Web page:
Baked Arugula Frittata is great for breakfast, brunch, lunch or a meatless dinner! The peppery greens are so good combined with eggs, garlic, Parmesan, Romano and feta. Plus, baked frittata vs. stovetop.
To bake in the oven or cook on the stove. That is the question.
The frittata question, in case you’re wondering. It’s an important, philosophical topic.
You see, my whole life, I’ve only known frittata to be made on the stove, as it’s done in Naples. Some of you may recall when I shared Mom’s Asparagus Frittata and explained I finally learned to flip it like a true Napoletana.
It was fabulous, and I’ve made that several times. But I’ve always wondered about baked frittata. After all, everyone else was doing it. What was I missing?
I had to find out. So, one day, when I discovered a large container of baby arugula that needed to be used pronto, I decided to make baked arugula frittata.
My first try showed promise. I sautéed my arugula in olive oil and garlic on the stove (in my cast iron pan), then added eggs and cheese before popping the whole thing in the oven. I finished it in the broiler to get some browning action on top.
I was satisfied with the method (read on for my comparison of baked vs. stovetop) but needed to work on the ingredients. I’d used Parmesan and Romano but realized the peppery greens needed a salty kick from feta. And more eggs. I jotted down my notes for next time.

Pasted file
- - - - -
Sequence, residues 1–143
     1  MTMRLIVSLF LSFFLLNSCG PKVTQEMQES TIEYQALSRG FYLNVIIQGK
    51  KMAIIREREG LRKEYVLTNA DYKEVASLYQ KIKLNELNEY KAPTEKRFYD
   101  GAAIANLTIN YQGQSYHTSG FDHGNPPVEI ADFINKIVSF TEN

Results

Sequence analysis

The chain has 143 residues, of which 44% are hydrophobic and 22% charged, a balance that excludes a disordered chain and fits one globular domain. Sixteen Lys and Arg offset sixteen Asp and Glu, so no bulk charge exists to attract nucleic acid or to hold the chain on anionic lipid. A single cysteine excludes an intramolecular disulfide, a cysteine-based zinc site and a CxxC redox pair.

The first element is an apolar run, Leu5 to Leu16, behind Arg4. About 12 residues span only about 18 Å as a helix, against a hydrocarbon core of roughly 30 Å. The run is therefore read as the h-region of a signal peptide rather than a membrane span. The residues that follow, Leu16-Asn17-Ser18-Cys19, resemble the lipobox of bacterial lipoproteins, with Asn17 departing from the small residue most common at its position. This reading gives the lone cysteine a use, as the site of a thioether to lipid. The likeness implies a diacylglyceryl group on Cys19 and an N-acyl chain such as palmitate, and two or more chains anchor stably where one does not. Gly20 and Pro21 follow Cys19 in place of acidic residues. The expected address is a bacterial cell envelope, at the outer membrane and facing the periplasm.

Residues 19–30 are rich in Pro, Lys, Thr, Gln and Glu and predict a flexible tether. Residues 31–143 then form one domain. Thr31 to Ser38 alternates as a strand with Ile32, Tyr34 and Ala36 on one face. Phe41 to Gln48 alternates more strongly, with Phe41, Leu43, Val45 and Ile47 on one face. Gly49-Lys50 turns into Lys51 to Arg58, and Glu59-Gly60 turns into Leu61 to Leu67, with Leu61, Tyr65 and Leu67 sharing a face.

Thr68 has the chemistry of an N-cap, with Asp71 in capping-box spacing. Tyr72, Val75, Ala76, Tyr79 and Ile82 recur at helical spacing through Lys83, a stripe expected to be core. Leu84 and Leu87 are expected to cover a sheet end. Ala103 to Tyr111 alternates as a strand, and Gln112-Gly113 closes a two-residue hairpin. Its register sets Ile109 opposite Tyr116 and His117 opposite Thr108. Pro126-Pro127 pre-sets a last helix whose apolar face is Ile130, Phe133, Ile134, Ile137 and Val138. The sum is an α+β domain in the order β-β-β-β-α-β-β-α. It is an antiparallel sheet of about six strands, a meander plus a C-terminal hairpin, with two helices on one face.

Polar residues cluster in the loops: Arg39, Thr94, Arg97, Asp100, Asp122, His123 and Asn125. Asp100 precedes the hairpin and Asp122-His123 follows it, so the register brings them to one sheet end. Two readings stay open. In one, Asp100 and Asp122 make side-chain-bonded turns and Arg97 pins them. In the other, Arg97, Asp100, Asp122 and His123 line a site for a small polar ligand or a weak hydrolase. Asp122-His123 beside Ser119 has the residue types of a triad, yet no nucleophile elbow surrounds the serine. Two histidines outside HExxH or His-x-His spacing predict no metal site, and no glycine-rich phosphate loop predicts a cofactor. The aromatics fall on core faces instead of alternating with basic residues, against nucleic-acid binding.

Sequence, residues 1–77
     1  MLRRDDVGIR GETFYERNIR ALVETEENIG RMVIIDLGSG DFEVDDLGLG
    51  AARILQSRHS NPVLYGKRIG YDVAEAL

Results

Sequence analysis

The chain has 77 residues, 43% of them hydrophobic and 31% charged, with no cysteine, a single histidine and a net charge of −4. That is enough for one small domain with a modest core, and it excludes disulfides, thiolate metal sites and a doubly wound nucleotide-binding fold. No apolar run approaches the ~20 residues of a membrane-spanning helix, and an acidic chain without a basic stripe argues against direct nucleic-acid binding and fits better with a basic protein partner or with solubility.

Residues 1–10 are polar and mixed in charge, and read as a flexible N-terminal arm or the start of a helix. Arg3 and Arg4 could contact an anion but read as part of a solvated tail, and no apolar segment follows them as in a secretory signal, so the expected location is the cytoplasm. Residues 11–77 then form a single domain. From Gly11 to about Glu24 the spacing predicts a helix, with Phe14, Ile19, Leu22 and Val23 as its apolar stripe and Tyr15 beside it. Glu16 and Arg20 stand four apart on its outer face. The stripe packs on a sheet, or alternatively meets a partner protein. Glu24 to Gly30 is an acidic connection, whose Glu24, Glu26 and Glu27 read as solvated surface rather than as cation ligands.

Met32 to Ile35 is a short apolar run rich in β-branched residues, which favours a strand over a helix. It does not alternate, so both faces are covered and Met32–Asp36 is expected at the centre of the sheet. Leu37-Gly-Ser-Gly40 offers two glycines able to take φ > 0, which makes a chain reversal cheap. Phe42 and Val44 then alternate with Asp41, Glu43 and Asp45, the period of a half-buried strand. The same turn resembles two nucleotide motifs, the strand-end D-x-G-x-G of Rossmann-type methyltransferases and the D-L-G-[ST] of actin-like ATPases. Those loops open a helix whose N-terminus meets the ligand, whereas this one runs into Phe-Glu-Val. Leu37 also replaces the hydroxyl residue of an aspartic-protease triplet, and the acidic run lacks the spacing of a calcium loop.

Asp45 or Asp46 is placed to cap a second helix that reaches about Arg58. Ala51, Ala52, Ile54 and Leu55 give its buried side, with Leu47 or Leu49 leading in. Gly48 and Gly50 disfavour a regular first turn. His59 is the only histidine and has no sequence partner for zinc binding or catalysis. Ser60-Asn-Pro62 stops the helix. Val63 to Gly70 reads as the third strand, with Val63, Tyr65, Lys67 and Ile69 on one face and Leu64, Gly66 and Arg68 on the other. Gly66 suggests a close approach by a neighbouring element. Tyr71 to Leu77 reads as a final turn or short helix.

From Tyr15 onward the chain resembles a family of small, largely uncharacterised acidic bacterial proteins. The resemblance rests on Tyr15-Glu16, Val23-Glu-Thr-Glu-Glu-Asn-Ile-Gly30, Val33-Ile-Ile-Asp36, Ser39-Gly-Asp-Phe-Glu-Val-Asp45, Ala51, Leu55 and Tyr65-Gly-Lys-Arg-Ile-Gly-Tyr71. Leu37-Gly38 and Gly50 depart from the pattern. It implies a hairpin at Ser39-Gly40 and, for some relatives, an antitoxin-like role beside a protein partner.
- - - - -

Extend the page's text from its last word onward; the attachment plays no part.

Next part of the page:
Luckily for all of us, my next iteration was spot on. The feta, plus a little sprinkle of salt, provides the perfect oomph that makes you go “mmmm.” If you’re a fan of arugula, this is heaven. And, if not, feel free to use spinach instead.
And now, for my assessment of baked frittata vs. stovetop frittata.
- Ease – The baked frittata isn’t intimidating, like the stovetop version can be. No worries about flipping at the wrong time and splattering batter all over your sink.
- Cleanup – The oven frittata uses two fewer pans than the stovetop version (the stovetop one requires extra pans for inverting the frittata — unless you own a frittata pan,* which I’m adding to my wish list!)
- Length of cooking time: The baked frittata takes about seven minutes less to make than the stovetop version.
- Taste & Texture – The oven-baked frittata is very good. I’d give it an 8 on a scale of 1-10. But, Mom is right. Frittata made on the stove is a 10. You just can’t get that crispy bottom, beautifully browned top and superior flavor with the oven version.
I’ll let you decide which method you prefer. I’m pretty sure I’ll be using whichever one suits my mood and circumstances on any given day.
But don’t miss out on this arugula frittata. It’s perfect for Sunday breakfast or brunch. Or how about leftovers to pack for lunch? (It reheats beautifully in the microwave.) It also makes a great vegetarian dinner, served with bread and fruit.
I’ve said it before, but can’t resist repeating…Hakuna frittata, my friends! Enjoy!
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(Recipe Source: Cooking with Mamma C)